Timothy was a co-worker of the Apostle Paul and a third-generation Christian. The letter has a very personal feel to it. After all, Timothy was one of Paul’s closest companions and most loyal followers. In the book of Acts, you will find stories of their travels together. Paul speaks of Timothy’s “sin…

Passing On the Faith

Here are some thoughts about this Sunday's second reading. What do you see here? Let's talk about it via email or in the comment section of the blog post. This was sent to the people of St. Timothy Lutheran Church. 
Second Reading: 2 Timothy 1:1-14 1Paul, an apostle of Christ Jesus by the will of God, for the sake of the promise of life that is in Christ Jesus,
2To Timothy, my beloved child:
Grace, mercy, and peace from God the Father and Christ Jesus our Lord.

3I am grateful to God—whom I worship with a clear conscience, as my ancestors did—when I remember you constantly in my prayers night and day. 4Recalling your tears, I long to see you so that I may be filled with joy. 5I am reminded of your sincere faith, a faith that lived first in your grandmother Lois and your mother Eunice and now, I am sure, lives in you. 6For this reason I remind you to rekindle the gift of God that is within you through the laying on of my hands; 7for God did not give us a spirit of cowardice, but ra…

The God of Angel Armies

This is the sermon I preached on Michael and All Angels, Sunday, 9/29/19 at St. Timothy Lutheran Church. The text was Luke 10:17-20.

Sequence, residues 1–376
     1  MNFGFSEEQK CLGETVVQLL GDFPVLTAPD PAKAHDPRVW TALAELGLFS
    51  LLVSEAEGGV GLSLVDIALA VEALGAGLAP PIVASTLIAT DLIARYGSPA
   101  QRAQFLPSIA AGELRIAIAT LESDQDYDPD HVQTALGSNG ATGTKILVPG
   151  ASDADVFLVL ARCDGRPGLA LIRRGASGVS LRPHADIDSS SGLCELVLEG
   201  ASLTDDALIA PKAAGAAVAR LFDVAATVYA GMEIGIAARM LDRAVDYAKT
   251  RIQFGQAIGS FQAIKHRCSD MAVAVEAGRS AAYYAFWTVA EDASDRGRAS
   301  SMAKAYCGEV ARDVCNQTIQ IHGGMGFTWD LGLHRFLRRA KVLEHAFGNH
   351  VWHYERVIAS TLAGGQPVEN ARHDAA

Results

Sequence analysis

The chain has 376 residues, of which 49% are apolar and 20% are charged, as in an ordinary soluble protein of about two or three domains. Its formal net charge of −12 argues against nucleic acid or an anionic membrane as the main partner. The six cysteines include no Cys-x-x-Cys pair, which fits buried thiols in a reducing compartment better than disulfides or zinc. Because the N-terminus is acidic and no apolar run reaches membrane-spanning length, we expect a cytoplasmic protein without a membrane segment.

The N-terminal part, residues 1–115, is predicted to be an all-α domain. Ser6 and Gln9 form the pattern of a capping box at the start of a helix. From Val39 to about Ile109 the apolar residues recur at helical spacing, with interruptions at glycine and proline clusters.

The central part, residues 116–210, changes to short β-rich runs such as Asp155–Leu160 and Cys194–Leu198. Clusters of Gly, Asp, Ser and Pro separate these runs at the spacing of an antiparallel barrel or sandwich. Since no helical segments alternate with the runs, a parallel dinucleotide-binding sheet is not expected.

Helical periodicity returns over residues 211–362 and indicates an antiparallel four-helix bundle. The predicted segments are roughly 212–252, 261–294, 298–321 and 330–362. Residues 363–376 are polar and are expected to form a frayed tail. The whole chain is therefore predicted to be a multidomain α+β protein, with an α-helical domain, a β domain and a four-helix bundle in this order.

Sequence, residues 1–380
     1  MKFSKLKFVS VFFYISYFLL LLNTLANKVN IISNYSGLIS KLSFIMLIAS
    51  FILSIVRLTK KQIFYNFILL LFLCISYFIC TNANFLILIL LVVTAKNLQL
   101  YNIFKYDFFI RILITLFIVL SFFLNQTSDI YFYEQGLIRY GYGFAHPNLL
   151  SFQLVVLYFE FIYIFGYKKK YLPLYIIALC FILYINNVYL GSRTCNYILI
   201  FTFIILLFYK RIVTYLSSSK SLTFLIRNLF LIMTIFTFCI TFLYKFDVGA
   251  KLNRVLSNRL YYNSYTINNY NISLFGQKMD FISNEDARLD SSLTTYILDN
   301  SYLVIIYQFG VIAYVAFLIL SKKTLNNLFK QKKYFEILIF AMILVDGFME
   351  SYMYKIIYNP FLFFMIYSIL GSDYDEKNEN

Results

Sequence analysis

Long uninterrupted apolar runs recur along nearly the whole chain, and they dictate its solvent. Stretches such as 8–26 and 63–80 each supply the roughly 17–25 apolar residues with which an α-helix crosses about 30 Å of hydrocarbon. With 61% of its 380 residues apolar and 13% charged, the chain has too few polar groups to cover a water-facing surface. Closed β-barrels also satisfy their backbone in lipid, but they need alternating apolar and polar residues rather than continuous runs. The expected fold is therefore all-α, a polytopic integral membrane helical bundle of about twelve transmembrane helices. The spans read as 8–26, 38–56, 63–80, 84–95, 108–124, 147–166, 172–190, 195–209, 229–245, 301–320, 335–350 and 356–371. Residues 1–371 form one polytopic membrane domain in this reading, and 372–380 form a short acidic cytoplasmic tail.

Since the fifth century, there has been a festival dedicated to the honor of the archangel Michael. The focus of the day has broadened to include thanksgiving for all the angels, seen as messengers of the word and will of God. On this festival day, we hear about demons, Satan falling from heaven, the “power of the enemy,” and the submission of spirits. There is a whole realm of spiritual beings that is assumed. In this case, those related to evil. The other lessons for today speak about Michael and the other angels in this other realm.
This gospel text begins and ends with joy. It is joy that characterized the disciples’ experience. Their joy foreshadows the joy they’d experience at the resurrection (24:41, 52).
The phrase “in your name,” used by the seventy, indicates the sphere of authority for their work of exorcism. It also signifies their genuine id…

You Ain't Seen Nothin Yet

This is the reflection sent out to the people of St. Timothy Lutheran Church on this Sunday's gospel for Michael and All Angels. What strikes you? Do people have angelic experiences today? Have you ever experienced one? Let's talk about this.
Gospel: Luke 10:17-20 17The seventy returned with joy, saying, “Lord, in your name even the demons submit to us!” 18He said to them, “I watched Satan fall from heaven like a flash of lightning. 19See, I have given you authority to tread on snakes and scorpions, and over all the power of the enemy; and nothing will hurt you. 20Nevertheless, do not rejoice at this, that the spirits submit to you, but rejoice that your names are written in heaven.”
The seventy were reporting to Jesus, “Lord, this and this and this happened and even ‘in your name…the demons submit to us!’” They were overwhelmed with the thrill of all that had taken place on their missionary trip. And Jesus said, “You ain't seen nothin' yet. B-b-b-baby, you just ain't…